14 October 2016
Trauma Innovation 2016 saw attendance figures nearly double as clinicians gathered to discuss future trauma care capabilities
Trauma Innovation welcomed a record number of military and civil healthcare professionals to Birmingham from 27 – 28 September. Over 700 delegates from the UK and overseas gathered to discuss the latest advances in combat casualty care and how civilian medical services can learn from the military on vital aspects of trauma care delivery.
Run in partnership with the Ministry of Defence department, Defence Medical Services, and Orthopaedic Research UK, the 2016 event brought the future of patient care to the fore, ensuring military and civil healthcare professionals are prepared for future incidents.
The conference focused on understanding the complex nature of blast and gunshot injuries and how current research into these types of injuries is enabling clinicians to manage wounds more effectively and reduce the overall long term impact on victims’ lives.
Conference delegates, including 95 VIPs from leading medical organisations in 14 countries, heard from military clinicians on topics such as vehicle blast mitigation strategies, virtual and augmented reality for simulated trauma care training and the development of body-worn sensors to provide real-time information on a soldier’s condition.
Delegates were also able to see some of the latest innovations in trauma care capability. 32 exhibitors, an increase of 39% on the previous event, showcased high-tech medical kit, including a ‘sim-dummy’ with life-like organs used for surgical training, currently being developed by Nottingham Trent University. Mobile ultrasound imaging via a smart device, developed by Philips, also attracted a lot of attention from visitors.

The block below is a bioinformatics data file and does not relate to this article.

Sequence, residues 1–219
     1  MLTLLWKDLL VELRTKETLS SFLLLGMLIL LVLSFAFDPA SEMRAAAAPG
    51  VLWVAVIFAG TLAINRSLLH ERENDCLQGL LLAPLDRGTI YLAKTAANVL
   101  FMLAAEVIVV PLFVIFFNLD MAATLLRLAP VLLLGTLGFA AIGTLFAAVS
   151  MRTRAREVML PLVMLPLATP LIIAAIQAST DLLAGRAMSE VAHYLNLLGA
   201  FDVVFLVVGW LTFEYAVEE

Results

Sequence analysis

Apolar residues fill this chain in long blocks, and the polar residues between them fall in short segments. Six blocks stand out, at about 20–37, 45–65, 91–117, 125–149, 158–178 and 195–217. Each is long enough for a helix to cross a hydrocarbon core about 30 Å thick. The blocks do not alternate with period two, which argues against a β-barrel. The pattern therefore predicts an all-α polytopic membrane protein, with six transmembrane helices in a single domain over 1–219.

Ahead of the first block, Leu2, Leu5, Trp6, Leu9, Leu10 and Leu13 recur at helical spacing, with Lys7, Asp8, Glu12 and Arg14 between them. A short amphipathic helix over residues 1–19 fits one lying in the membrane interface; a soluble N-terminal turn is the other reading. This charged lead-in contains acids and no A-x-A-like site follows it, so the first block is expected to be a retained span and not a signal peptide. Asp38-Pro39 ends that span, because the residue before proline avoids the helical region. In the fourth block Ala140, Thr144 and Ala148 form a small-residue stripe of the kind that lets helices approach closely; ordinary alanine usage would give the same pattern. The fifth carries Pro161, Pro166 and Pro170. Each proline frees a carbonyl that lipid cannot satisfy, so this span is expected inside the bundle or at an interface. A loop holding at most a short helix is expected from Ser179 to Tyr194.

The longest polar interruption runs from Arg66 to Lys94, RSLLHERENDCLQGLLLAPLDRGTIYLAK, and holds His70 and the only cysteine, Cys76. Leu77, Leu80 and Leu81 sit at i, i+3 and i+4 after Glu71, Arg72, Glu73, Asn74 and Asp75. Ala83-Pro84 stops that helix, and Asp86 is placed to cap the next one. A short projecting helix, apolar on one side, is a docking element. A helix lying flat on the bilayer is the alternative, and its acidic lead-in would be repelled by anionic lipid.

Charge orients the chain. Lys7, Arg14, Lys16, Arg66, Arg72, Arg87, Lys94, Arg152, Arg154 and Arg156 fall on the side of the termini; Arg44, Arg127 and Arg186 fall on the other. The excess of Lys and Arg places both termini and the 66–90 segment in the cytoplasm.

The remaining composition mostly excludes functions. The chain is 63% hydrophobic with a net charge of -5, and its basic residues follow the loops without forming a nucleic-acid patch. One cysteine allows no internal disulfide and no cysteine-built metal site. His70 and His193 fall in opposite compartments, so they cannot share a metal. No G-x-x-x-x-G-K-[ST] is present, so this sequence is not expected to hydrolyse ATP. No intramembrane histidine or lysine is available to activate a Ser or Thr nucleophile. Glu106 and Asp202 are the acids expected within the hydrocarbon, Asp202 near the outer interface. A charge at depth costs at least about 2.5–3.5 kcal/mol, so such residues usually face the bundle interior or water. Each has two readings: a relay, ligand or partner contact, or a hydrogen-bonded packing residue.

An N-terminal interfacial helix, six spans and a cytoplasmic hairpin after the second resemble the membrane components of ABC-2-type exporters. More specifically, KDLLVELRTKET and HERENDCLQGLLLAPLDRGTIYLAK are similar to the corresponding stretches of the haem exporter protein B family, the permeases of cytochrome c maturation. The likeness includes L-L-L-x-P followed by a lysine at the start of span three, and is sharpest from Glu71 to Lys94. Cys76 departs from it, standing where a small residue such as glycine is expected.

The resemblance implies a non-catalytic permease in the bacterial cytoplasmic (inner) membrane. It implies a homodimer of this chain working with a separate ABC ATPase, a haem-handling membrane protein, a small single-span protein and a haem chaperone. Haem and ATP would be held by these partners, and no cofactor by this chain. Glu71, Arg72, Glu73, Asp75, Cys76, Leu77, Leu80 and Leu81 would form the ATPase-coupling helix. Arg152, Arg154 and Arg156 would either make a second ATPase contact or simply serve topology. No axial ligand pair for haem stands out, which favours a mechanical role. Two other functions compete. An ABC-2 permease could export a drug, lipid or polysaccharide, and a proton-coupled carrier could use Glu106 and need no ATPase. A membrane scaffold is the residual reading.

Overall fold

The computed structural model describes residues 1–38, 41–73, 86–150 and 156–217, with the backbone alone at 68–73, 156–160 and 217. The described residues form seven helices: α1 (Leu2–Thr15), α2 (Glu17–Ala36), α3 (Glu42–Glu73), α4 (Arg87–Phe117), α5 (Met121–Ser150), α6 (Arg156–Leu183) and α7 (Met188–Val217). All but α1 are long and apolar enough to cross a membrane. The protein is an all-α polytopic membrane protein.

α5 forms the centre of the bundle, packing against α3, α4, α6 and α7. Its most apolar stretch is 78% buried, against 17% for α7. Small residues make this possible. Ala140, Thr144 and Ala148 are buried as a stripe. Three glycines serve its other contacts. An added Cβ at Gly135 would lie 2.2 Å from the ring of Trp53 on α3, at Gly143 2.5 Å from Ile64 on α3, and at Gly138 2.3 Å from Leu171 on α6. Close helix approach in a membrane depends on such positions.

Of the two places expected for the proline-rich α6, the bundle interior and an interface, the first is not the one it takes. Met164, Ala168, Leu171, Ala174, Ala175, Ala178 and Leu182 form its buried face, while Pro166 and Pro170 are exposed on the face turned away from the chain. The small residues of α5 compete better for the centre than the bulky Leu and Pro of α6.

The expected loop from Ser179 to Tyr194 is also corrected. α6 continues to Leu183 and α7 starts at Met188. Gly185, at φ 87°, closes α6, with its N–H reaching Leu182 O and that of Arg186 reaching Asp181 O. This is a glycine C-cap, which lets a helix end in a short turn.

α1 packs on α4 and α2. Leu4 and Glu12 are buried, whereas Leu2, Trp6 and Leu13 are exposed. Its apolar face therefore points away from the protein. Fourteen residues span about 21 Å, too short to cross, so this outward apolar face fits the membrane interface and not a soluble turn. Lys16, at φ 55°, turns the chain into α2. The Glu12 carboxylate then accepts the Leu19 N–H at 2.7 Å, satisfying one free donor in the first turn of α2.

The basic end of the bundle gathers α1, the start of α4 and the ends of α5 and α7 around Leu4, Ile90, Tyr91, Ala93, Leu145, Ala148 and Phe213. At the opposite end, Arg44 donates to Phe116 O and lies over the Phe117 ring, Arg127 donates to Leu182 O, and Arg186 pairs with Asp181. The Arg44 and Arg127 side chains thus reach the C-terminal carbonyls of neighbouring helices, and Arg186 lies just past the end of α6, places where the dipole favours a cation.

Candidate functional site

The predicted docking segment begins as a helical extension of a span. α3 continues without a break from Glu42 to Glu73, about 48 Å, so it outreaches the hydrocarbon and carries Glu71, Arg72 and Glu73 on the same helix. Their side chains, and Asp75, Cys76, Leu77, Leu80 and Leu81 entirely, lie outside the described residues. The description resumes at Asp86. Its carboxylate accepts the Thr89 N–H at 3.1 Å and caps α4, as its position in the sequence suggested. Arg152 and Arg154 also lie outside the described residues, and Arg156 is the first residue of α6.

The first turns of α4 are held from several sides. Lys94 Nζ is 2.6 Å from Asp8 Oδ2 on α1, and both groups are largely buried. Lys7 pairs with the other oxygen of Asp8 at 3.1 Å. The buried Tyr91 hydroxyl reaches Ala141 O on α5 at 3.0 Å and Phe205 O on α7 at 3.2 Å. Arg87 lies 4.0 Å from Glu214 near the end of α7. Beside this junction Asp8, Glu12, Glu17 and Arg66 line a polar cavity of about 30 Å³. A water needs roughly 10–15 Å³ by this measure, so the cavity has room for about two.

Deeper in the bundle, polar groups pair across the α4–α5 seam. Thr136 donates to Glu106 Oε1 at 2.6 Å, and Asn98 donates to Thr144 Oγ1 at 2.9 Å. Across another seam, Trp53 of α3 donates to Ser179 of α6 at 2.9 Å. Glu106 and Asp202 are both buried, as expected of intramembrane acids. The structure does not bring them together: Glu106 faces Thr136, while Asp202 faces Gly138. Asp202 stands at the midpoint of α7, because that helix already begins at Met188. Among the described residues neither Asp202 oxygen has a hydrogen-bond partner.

The event’s unprecedented attendance underpins a strong appetite within the healthcare sector to improve trauma care delivery, not only through developing capability, but through collaboration, education and integrating the military and civil medical communities where commonalities enable lessons to be learnt from each other.
Commenting on the event Colonel King’Ori, Lead Consultant Neuro Surgeon, Kenya Defence Force (KDF), said: “It’s an excellent event with very knowledgeable speakers. The presentations were clear and the exhibition highlighted a lot of great innovation. It was a fantastic event for us to attend and get an idea about the types of innovations we can take back to the KDF.”
Professor Kay Fawcett OBE, Royal College of Nursing, added: “Events such as Trauma Innovation are invaluable as the integration of military and civilian trauma care is so important. Civilian care can learn from and apply the same principals as the military with both sides learning from one another.”
Surgeon Captain Sarah Stapley, Defence Professor of Trauma and Orthopaedics, DMS, who produced this year’s conference programme, said: “The Defence Medical Services is thrilled with the recent success of the Trauma Innovation 2016 conference held in conjunction with Orthopaedic Research UK and Clarion Events. The conference maintained the momentum towards understanding and innovation in trauma care across all specialties, allowing cross-specialty, national and international networking, so that as a collective we may deliver improved outcomes for our Service personnel, carers and civilian population in the future.”
Trauma Innovation will next take place at DSEI 2017, 11-15 September 2017 at ExCeL London, UK. For further details, visit www.dsei.co.uk